This Spider-Man is figure 2 in the Vulture Series of Marvel Legends.  It’s the third Spider-variant in the series, and the second based on Homecoming.  This figure is based on Peter’s homemade costume, which he ends up wearing during the film’s climax, following the more advanced suit’s confiscation by Tony.  As I’ve noted before, the design is loosely based on Ben Reilly’s Scarlet Spider costume, which is nifty.  The figure stands about 6 inches tall and he has 32 points of articulation.  Spidey’s sporting an all-new sculpt, which is a pretty solid piece of work.  He’s not sporting quite the same build as the Stark Tech Spidey, but he’s close enough that they’re believable as the same person.  This figure’s probably the closer of the two proportions wise, so that’s a plus.  The detail work is pretty solid as well, with some cool work on the folds and everything.  There could maybe be a little more texture work, but it’s acceptable for the line.  It mostly follows the movie design, though the goggles lack some of the technical details.  Still, not bad.  The paintwork on this guy is fairly decent, though not quite as impressive as some more recent releases.  However, the colors are decent and the application is mostly pretty clean.  The figure is packed with two sets of hands in both fists and web-shooting poses, as well as a hood piece (both pulled up and down).  He’s also got the flip side wing piece of the one included with the standard Spidey.  Yay for an almost complete Vulture!


I got this guy from Amazon, at the same time as Moon Knight, since I’d had no luck finding him at retail.  He’s a decent figure, but I do find him to be slightly less exciting in-hand than I’d expected.  I guess he’s somewhat less climactic after already getting the version from the basic line.  Still, I’m happy to have him, and the figure is a solid addition to the line.

#1408: Spider-Man



“When crime hits the big city, Peter Parker suits up as New York’s own web-slinging, wall-crawling hero, Spider-Man”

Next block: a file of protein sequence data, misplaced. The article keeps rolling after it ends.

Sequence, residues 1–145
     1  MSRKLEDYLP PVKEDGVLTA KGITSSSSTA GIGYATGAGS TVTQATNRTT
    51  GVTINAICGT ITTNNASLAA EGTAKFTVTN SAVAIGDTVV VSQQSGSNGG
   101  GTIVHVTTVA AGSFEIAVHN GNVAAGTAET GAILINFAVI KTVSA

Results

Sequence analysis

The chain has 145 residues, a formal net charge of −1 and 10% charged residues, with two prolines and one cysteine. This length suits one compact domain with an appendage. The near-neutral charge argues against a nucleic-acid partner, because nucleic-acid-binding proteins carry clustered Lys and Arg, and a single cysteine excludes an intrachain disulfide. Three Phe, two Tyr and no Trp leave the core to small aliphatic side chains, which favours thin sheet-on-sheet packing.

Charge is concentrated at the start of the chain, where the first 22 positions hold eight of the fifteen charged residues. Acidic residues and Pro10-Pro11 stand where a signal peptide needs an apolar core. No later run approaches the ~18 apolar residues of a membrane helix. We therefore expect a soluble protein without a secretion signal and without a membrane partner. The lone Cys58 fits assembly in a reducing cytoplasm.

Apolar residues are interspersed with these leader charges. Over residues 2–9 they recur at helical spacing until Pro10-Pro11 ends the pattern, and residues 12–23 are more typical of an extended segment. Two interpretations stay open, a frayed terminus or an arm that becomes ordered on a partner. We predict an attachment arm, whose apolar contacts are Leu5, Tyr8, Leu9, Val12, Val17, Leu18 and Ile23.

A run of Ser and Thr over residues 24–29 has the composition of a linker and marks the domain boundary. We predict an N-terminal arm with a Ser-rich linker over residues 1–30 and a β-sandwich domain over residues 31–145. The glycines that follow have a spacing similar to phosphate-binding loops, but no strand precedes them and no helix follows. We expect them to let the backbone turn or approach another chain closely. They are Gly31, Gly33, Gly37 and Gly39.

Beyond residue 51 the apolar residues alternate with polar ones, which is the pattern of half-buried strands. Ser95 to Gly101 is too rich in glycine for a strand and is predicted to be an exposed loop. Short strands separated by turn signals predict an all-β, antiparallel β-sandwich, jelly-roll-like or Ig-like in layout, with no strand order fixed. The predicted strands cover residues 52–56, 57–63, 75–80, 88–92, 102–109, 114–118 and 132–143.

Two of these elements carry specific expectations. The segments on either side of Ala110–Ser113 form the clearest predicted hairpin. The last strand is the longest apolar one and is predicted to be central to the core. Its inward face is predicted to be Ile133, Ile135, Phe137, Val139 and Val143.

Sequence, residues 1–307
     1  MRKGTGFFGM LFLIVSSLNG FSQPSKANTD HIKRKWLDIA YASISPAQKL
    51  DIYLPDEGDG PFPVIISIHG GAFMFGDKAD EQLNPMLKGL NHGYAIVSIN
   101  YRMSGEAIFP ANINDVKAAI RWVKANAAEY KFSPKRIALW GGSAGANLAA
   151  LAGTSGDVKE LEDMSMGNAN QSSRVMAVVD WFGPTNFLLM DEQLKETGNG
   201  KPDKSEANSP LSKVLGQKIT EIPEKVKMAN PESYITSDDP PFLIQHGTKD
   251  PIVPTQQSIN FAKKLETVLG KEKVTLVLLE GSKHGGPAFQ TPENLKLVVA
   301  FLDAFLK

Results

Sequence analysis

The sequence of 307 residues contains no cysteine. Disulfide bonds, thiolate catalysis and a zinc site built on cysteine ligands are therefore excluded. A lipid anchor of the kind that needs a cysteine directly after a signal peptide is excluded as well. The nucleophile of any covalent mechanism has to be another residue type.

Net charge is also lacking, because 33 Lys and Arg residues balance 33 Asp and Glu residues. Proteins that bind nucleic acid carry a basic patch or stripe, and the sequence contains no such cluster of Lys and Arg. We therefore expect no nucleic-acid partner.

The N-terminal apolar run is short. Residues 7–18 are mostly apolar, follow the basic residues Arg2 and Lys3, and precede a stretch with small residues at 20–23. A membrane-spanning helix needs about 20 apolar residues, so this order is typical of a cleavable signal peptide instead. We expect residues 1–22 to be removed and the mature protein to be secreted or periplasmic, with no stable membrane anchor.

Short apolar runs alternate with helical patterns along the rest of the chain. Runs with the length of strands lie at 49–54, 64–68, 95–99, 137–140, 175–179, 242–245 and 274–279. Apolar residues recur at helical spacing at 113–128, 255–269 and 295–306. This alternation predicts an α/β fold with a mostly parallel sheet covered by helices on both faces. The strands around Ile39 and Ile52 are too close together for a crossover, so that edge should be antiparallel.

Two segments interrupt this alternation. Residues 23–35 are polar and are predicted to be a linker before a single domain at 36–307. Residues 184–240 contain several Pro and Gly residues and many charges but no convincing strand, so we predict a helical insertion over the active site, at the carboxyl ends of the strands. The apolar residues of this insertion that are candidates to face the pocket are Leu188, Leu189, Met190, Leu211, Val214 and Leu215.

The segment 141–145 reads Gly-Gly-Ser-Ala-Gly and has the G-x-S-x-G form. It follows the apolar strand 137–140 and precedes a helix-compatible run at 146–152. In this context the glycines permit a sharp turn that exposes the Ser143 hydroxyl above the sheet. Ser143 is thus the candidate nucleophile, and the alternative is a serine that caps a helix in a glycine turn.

Yay!  More Spider-Man Marvel Legends!  Specifically of the Homecoming variety.  I haven’t yet taken a look at any of the specifically Homecoming-based Legends yet, but I’m changing that with today’s review.  Today, I’ll be taking a look at the main figure of the film’s titular hero, Spider-Man!  Let’s see how he turned out!


Spider-Man is figure 1 in the Vulture Series of Marvel Legends.  This is one of two Homecoming-based Spider-Men in this particular series.  This one represents his Stark-designed suit, which is just a slight variation of his classic comics suit.  The figure stands a little under 6 inches tall and he has 32 points of articulation.  This figure makes use of a lot of pieces from the Spidey released in the Civil War 3-pack from last year.  He does get a new upper torso, upper arms, and two new heads, which help to fix a number of issues present in that figure’s sculpt.  There are still a few issues present with the final product (the small shoulders and the slightly short arms are really the biggest standouts), but the overall figure looks a lot better this time.  On the plus side of things, the details on the costume all match up pretty well with the on-screen counterpart.  The posablity is also really top notch; there are few Spider-related poses that this guy can’t pull off.  The two swappable heads included with this guy help to replicate a feature that most Spider-Man figures overlook: changing expressions on the eyes.  It was one of the cooler features added to the new Spidey suit for the MCU redesign, so it’s nice to see it carried over to the figure.  The first head has the eyes widespread, in a sort of Mark Bagley style, while the second has them closed tighter, looking more like Steve Ditko’s take on the character.  Honestly, I can’t quite pick which of the two I prefer; I definitely foresee these two heads being swapped out rather frequently on my figure.  Another addition to this figure from the prior release are the “web-wings.”  When Spidey debuted, he had these wings on his costume, and the film managed to work them in a nifty little way.  The figure has removable wings that mount under the biceps, similar to how they were handled on Spider-Woman from the Thanos Series.  They don’t stay in place anywhere near as well, though, and they fall out a lot.  So, they aren’t really practical for long-term use.  Fortunately, they’re totally removable, and the figure’s still pretty awesome without them.  The paintwork on this guy is pretty solid; the colors are fairly bold, and the application is mostly pretty sharp.  In addition to the previously mentioned extra head and web wings, Spider-Man includes two pairs of hands in both web-shooting and fist poses, as well as the mid-section of Vulture’s left wing.